Moms Talk: Organizing the Chaos of Toys in Abundance
Last week readers gave great advice about working with a young child about learning to talk. This week, Hazelwood Patch Moms Council participant Helena Hewlett inquires about how to organize your children's toys.
It’s the middle of the night, and you’ve gotten up to grab a glass of water in your quiet, peaceful house. Inevitably, you step on the fire truck and its sirens screech. You frantically try to muffle its noise so that it won’t wake the precious children you worked so hard to get to sleep. Finally the noise has stopped.
Then as you enter the kitchen, you step on the pointy end of a Transformer and while fighting the urge to shriek in pain, you stumble backwards onto a Barbie van, scooting across the floor before finally falling onto a pile of scattered Legos.
I think as parents, we’ve all been there. Or at least we’ve all battled frustrating, toy-related foot injuries. And even though there’s not really an easy way to prevent these, there is a way to keep our children’s toys a little more organized.
If you feel like your children’s toys are constantly strewn everywhere, many without places to be stored, you may feel like your house has been overtaken by toys. You might also notice that at least half of the toys out are not even being played with, creating even less of a need to have them out.
At this point, if you're like me, you may want to put the chaos into some kind of order. In my experience, I’ve found that my son is often overwhelmed when he has too many toys out. He doesn’t even know where to begin, or with what to play. This is what led me to my current philosophy for toy organization.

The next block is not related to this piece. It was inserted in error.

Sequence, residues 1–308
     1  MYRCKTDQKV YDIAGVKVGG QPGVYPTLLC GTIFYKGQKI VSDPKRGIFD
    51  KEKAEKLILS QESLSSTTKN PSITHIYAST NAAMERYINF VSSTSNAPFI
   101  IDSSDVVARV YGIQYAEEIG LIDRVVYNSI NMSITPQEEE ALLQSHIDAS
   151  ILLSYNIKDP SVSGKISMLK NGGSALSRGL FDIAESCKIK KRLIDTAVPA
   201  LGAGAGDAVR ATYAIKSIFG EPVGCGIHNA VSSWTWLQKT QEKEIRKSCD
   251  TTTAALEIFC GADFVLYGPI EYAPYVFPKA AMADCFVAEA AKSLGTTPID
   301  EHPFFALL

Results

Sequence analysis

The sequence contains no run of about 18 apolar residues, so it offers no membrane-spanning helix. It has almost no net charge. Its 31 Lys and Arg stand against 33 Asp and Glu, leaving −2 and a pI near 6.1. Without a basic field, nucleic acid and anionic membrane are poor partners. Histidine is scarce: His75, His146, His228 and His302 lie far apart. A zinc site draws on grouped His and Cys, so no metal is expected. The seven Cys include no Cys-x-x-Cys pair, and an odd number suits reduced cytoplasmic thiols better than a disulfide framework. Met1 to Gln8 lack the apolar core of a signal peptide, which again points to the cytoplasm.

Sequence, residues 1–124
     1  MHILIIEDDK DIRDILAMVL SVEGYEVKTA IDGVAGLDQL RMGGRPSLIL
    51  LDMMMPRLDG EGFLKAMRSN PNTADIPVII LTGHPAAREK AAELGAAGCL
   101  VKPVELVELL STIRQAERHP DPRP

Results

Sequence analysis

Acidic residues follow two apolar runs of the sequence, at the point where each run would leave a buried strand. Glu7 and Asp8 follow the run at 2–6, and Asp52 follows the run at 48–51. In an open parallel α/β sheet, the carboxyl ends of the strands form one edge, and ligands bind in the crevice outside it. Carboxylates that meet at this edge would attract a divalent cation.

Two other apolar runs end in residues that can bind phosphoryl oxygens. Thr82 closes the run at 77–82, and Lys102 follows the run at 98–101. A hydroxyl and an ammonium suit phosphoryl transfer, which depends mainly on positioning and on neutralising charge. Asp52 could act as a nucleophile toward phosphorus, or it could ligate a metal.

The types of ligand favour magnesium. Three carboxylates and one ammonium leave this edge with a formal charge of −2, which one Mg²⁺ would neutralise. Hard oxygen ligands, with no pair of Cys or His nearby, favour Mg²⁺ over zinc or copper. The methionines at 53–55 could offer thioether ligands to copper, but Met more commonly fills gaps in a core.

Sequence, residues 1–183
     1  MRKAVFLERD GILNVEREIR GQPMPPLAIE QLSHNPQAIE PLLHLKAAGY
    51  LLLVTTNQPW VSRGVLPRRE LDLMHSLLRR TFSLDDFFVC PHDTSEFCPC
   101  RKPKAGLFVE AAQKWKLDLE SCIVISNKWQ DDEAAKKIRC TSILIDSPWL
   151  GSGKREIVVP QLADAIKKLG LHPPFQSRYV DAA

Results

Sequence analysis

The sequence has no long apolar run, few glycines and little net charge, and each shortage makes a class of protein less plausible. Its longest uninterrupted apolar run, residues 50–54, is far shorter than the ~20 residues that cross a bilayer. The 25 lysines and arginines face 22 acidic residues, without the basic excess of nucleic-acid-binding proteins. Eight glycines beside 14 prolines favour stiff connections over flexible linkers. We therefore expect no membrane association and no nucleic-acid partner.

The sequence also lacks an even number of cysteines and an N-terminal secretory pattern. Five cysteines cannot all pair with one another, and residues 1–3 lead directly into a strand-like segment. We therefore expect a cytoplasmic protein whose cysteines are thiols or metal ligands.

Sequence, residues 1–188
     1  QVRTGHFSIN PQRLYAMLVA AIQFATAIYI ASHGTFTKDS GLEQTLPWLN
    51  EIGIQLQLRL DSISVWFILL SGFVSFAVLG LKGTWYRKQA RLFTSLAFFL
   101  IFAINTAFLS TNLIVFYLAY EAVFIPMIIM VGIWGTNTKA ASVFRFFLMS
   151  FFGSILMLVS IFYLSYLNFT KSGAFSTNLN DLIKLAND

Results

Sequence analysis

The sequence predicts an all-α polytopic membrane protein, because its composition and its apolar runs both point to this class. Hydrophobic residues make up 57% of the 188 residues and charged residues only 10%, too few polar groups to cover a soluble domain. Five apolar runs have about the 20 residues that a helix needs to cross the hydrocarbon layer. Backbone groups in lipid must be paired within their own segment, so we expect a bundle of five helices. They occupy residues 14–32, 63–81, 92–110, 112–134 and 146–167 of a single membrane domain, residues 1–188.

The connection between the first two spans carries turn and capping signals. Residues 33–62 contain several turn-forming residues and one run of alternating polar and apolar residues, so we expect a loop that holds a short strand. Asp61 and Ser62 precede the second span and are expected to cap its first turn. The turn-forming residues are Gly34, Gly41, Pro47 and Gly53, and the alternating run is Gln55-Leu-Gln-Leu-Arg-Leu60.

I’m a very organized person by nature. If you ask my husband, probably a bit too organized. Before my oldest son Caleb was born, I had already organized every one of his tiny outfits, socks, diapers, shoes, rattles and more. His crib was perfect, like something out of a catalog. Not a wrinkle in sight. An extra blanket was folded neatly and hanging over the edge of the crib, and his mobile was perfectly positioned above where his little head would soon rest.
It was so dreamy, and ironically so, so far from reality. My husband’s response to this perfect baby nursery was, “you do know we’re having a baby boy, right? Not a baby Martha Stewart.”
Now, Caleb is two years old and has a sidekick, his seven-month-old brother Jake. I had to modify my routine a bit, but I’ve adjusted and made it work out for all of us. My idea was inspired by The Berenstain Bears, believe it or not. This was one of my favorite book series as a kid, filled with all sorts of good lessons and examples. Two particular books have rooted themselves in my mind and lifestyle, more than I even realized; The Very Messy Room and Too Much Junk Food.
In both of these stories, the bear cubs learn that their lives are in need of some order and discipline. Some of the illustrations in the books have stuck with me as well. I loved, for instance, the organized little cubbies and bins that Mama Bear helped her cubs create in both stories.
So this mama bear got to work on organizing her own house. I bought about 10 small Tupperware bins and used clear packing tape on them so I could label them with the type of toy I would be storing inside. I used packing tape so that they would not be permanently marked, and it could easily be removed later if I changed my mind and wanted to store something different in them. I bought a few shelves for my son’s closet and easily fit all of the bins in there.
Then I picked up some inexpensive stickers from a local craft store and let Caleb decorate each of his bins. I have bins that store cars, action figures, Lincoln Logs, Legos, Thomas Trains, and more. Each morning, Caleb gets to choose two bins with which he would like to play. We bring them into the front room and he dumps them, makes a mess, and has a blast.
If he wants to play with something else he knows now that he must first clean up the bins that are out. Since I have done this with him from a young age, he already understands and anticipates the clean up that must occur if he wants to get another bin down.
I have found that this method works great on so many levels, so here's my Q&A question. What are some organizational tools other moms out there use? Let’s face it, anything that keeps mommy a little more sane and can prevent some toy-related foot injuries in the future is the perfect gift!